5. “You were born with potential. You were born with goodness and trust. You were born with ideals and dreams. You were born with greatness. You were born with wings. You are not meant for crawling, so don't. You have wings. Learn to use them and fly.” ― Jalaluddin Rumi

6. “Great leaders can see the greatness in others when they can’t see it themselves and lead them to their highest potential they don’t even know.” ― Roy T. Bennett, The Light in the Heart

7. “It takes a great man to be a good listener.” ― Calvin Coolidge

8. “The mark of a great man is one who knows when to set aside the important things in order to accomplish the vital ones.” ― Brandon Sanderson, The Alloy of Law

9. “Good and great are seldom in the same man.” ― Winston S. Churchill

10. “Nothing is more simple than greatness; indeed, to be simple is to be great.” ― Ralph Waldo Emerson

11. “There are times when the world is rearranging itself, and at times like that, the right words can change the world.” ― Orson Scott Card, Ender's Game (The wrong words can change it, too - me)

12. “I believe that the first test of a great man is his humility. I don't mean by humility, doubt of his power. But really great men have a curious feeling that the greatness is not of them, but through them. And they see something divine in every other man and are endlessly, foolishly, incredibly merciful.” ― John Ruskin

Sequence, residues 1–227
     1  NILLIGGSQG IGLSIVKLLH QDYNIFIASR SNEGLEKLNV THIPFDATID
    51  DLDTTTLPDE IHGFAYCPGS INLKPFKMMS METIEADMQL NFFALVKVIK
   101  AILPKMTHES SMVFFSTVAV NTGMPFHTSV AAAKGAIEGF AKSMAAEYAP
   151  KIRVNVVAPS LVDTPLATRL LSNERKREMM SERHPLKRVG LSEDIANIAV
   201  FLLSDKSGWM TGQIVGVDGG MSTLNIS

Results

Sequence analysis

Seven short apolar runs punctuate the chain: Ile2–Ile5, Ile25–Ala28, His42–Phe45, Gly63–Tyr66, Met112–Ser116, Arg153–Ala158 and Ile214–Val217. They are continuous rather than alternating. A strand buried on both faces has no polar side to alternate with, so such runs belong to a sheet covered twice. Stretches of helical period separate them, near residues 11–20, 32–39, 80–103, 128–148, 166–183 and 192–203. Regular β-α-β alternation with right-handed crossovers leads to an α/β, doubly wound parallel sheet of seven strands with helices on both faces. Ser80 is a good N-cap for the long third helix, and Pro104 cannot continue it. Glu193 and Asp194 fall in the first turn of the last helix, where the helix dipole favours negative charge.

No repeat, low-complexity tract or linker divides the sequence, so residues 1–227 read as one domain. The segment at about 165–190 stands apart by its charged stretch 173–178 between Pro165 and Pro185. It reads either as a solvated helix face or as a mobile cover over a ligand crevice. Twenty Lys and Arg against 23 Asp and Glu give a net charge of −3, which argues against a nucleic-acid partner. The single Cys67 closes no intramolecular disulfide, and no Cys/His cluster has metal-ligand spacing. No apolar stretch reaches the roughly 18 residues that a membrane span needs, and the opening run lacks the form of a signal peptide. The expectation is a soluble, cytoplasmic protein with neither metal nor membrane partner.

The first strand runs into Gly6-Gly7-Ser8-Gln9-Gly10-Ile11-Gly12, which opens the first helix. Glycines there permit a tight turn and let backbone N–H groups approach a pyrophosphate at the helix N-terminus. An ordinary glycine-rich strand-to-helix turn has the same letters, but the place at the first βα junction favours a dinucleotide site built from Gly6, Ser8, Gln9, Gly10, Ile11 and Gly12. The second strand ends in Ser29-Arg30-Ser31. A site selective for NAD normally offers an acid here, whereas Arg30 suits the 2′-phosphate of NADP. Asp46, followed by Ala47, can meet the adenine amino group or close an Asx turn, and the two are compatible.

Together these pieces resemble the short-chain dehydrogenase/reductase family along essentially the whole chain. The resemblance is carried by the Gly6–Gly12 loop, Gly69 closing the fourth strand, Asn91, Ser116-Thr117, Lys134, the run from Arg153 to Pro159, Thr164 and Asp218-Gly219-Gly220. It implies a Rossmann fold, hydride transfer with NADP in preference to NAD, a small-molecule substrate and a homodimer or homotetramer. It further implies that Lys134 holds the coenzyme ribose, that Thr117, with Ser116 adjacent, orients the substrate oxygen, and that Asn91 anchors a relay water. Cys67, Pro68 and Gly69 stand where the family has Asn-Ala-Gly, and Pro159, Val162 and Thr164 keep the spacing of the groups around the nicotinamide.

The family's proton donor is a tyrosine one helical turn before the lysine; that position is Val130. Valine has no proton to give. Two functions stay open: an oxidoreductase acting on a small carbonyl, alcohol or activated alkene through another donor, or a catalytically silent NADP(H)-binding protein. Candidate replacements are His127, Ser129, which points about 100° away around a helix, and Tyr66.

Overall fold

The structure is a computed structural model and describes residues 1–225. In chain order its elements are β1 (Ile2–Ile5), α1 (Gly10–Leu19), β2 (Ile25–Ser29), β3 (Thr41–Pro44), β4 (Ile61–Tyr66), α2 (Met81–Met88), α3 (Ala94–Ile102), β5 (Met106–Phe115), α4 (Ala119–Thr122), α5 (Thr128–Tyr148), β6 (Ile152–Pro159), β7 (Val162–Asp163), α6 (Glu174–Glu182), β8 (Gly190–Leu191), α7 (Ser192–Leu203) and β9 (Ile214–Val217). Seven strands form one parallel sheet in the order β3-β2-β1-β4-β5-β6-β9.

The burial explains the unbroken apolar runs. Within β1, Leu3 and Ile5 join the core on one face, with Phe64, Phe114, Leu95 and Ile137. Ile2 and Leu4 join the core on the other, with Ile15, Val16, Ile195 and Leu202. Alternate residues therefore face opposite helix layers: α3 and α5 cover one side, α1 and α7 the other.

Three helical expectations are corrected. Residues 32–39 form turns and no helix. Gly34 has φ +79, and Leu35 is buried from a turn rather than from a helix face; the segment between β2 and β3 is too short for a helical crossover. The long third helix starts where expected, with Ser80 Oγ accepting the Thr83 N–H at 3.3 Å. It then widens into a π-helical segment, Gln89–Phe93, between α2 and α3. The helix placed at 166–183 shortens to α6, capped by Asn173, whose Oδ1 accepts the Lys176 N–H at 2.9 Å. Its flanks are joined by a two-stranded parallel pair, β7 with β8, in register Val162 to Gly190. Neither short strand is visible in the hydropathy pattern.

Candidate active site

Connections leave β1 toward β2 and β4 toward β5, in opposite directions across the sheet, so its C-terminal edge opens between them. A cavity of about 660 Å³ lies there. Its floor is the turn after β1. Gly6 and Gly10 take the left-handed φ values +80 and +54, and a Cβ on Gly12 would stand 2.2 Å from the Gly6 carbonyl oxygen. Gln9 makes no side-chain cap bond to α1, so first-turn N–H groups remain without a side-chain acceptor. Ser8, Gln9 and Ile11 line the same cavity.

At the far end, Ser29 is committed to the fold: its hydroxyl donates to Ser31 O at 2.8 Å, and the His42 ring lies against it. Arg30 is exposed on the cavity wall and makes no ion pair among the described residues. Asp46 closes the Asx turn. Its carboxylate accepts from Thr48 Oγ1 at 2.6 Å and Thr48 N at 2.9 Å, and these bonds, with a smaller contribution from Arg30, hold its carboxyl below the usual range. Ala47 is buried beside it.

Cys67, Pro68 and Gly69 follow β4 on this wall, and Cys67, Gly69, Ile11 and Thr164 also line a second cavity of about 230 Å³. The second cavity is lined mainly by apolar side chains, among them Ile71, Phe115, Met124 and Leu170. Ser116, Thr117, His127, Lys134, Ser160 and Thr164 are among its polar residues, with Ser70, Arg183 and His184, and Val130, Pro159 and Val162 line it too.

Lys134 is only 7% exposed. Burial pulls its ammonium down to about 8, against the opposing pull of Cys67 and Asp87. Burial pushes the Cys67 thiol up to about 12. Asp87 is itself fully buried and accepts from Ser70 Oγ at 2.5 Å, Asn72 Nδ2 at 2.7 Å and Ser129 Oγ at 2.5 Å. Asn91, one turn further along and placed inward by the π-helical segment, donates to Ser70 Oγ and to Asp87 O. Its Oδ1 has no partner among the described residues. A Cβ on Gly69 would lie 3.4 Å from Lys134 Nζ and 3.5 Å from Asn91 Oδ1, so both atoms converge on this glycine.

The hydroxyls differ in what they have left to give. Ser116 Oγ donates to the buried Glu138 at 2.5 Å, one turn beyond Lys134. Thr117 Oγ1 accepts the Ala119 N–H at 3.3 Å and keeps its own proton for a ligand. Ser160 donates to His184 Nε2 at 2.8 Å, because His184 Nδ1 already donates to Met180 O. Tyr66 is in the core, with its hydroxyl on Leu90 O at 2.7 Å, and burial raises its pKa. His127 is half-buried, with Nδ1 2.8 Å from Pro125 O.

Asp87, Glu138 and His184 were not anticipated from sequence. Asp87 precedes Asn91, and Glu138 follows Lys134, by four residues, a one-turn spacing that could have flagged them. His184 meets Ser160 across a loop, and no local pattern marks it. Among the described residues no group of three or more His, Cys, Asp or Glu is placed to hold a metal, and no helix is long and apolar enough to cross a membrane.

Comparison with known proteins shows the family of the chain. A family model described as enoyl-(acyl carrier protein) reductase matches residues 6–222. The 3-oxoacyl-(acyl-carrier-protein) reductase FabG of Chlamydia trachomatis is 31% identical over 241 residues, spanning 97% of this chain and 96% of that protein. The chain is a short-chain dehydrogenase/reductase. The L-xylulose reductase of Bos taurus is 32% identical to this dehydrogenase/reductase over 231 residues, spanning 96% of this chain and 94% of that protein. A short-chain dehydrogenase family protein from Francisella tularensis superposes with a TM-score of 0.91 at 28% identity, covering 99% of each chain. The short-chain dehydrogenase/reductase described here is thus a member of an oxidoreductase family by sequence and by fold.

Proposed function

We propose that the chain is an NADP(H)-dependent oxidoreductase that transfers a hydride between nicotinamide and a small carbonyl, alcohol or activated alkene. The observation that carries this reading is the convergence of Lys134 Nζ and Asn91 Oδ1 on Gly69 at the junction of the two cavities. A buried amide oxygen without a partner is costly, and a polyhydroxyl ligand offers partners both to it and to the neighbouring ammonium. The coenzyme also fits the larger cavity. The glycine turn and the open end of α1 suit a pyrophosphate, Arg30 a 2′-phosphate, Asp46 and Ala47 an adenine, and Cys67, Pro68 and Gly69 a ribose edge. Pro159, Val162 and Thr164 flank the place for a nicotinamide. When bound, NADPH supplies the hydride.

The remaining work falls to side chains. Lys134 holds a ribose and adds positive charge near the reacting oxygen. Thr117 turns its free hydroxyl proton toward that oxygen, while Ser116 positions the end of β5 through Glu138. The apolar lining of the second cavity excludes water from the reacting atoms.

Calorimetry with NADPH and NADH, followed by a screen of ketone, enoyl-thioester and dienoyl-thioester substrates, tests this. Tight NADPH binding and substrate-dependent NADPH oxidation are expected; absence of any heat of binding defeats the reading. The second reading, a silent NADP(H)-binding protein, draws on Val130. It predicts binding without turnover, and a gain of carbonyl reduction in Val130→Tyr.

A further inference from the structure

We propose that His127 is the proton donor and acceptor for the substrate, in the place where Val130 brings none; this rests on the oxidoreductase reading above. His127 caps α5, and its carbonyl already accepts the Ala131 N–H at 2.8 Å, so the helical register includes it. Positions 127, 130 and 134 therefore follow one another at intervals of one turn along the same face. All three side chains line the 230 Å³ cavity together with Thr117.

13. “The greatness of humanity is not in being human, but in being humane.” ― Mahatma Gandhi 

Farewell to President Barack Obama. May his greatness follow him as he heads out onto the next leg of his journey.


Thursday Thirteen is played by lots of people; there is a list here if you want to read other Thursday Thirteens and/or play along. I've been playing for a while and this is my 483nd time to do a list of 13 on a Thursday.

Wednesday, January 18, 2017

Did You Write the Book of Love?

A very long time ago I attended a Bible study class and learned about agape love. The class was a study on one of the books of the New Testament, but agape love was the thing I took from the time spent there.

Biblically speaking, agape love is selfless, sacrificial, unconditional love, the highest of the four types of love in the Christian Bible.

The word agape is Greek, and variations of the word and its idea are found throughout the New Testament (about 200 entries). Agape love is the kind of love Jesus Christ has for his Father and for his followers.

It's a love that simply is. It is love that is not contingent on value or worth. It comes without thought, it is spontaneous, and it has no regard for whether or not love will be effective or appropriate regardless of the person or instance involved.

Agape love is love of all, for no reason other than they exist. A good description of agape love is found in 1 Corinthians 13:1-13. It is known by some as The Way of Love.

1 If I speak in the tongues of men and of angels, but have not love, I am a noisy gong or a clanging cymbal.
2 And if I have prophetic powers, and understand all mysteries and all knowledge, and if I have all faith, so as to remove mountains, but have not love, I am nothing.